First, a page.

What Does the 341 Meeting of Creditors Entail?
Hi, Matt McArthur, bankruptcy attorney at Clear Counsel Law Group. Today I want to talk a little bit about the 341 meeting of creditors. You may hear it just referred to as simply as your court date, 341 meeting, or a meeting of creditors or all of it together.
It's all the same thing. What it is is a chance for your creditors to meet with you down at the courthouse and ask you questions under oath. I would say that a typical 341 meeting of creditors has zero creditors present.
It's extremely unusual for the creditors to show up. In less than 1% of cases, typically, a creditor will actually show up. When they do, their questions are usually fairly benign. They're not very hard-hitting questions.
At the 341 meeting, what usually happens is it will be me, your attorney, your bankruptcy trustee, and you.
What Happens at the 341 Meeting?
Your trustee is going to ask you a series of questions to determine that you've complied with all the filing requirements for the bankruptcy, that we filled out all the paperwork correctly and submitted the supporting documentation, and to see whether or not there is any assets or other types of property that you may own that you unintentionally left off of your bankruptcy paperwork. If there is anything to be amended, they'll make note of that.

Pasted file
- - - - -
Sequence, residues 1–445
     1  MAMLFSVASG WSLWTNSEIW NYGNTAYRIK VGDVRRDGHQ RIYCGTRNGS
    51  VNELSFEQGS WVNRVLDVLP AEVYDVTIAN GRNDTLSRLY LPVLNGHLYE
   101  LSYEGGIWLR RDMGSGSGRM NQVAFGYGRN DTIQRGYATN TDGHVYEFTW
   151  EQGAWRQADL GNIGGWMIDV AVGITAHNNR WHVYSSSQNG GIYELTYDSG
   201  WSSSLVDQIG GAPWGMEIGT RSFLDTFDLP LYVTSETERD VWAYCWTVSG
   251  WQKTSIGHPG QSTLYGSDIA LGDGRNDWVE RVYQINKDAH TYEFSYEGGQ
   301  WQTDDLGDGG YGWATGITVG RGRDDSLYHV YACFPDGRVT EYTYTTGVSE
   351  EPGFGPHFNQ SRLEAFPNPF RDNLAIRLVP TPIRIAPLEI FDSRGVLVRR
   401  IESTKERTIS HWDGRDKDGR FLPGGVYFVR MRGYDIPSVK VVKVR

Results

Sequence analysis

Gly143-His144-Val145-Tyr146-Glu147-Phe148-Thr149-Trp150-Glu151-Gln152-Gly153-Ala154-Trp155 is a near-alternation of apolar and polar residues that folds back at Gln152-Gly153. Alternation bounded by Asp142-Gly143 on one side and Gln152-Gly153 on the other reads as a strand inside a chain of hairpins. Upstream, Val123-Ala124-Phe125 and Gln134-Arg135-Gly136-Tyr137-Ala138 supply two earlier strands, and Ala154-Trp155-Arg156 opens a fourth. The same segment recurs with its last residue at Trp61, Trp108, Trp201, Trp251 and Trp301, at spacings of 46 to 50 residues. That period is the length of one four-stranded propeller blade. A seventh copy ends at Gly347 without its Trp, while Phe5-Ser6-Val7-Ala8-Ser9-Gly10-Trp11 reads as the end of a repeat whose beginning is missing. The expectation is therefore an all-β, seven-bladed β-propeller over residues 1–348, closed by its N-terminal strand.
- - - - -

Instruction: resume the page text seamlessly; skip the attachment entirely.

These meetings typically last about 4 or 5 minutes. These can get complicated.
If creditors do show up, you may be required to spend a little bit more time than usual answering the questions. For the vast majority of people, this is a very simple, straightforward meeting. It's very summary in nature.
You're going to be asking questions like, "Did you review all the paper with your attorney? Did you sign it? Is everything truthful and accurate?" Those are the types of questions that you can expect receiving from the bankruptcy trustee.
If you have any questions about this meeting, or if you're nervous about this, don't be. There is a judge in your case.
You will not be meeting the judge, the black robed figure with the gavel in the scary courtroom is not where this is going to take place.
It's in a small side room, typically, at the bankruptcy courthouse with a trustee who is another court official, usually another attorney, like I said, who has been assigned to your case to determine that you've fulfilled all the filing requirements.
Hope to hear from you soon.
If you have any questions about this, I hope that this video puts you at ease and lets you know that this meeting is nothing to fear as long as you tell the truth.
I look forward to hearing from you soon, and if you have an upcoming 341, seeing you there soon.